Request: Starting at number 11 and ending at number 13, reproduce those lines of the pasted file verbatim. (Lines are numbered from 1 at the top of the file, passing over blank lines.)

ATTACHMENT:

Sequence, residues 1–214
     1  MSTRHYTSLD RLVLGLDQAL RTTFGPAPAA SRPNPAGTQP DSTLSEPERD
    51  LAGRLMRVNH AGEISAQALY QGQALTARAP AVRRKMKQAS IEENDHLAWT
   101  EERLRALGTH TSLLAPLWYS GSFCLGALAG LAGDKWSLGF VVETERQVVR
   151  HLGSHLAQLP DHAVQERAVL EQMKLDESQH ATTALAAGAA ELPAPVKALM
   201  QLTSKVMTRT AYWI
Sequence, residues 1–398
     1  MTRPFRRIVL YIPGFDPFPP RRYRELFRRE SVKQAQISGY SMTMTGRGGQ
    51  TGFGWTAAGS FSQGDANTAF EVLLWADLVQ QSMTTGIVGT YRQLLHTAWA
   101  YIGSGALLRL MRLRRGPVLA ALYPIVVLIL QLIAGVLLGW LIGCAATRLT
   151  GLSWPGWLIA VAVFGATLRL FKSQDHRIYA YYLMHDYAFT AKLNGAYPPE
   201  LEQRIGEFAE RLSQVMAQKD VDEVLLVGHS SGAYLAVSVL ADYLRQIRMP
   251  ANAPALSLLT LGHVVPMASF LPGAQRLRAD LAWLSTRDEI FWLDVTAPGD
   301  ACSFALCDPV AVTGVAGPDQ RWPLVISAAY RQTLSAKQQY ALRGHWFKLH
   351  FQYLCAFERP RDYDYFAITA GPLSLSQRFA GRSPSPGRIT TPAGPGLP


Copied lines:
   151  GLSWPGWLIA VAVFGATLRL FKSQDHRIYA YYLMHDYAFT AKLNGAYPPE
   201  LEQRIGEFAE RLSQVMAQKD VDEVLLVGHS SGAYLAVSVL ADYLRQIRMP
   251  ANAPALSLLT LGHVVPMASF LPGAQRLRAD LAWLSTRDEI FWLDVTAPGD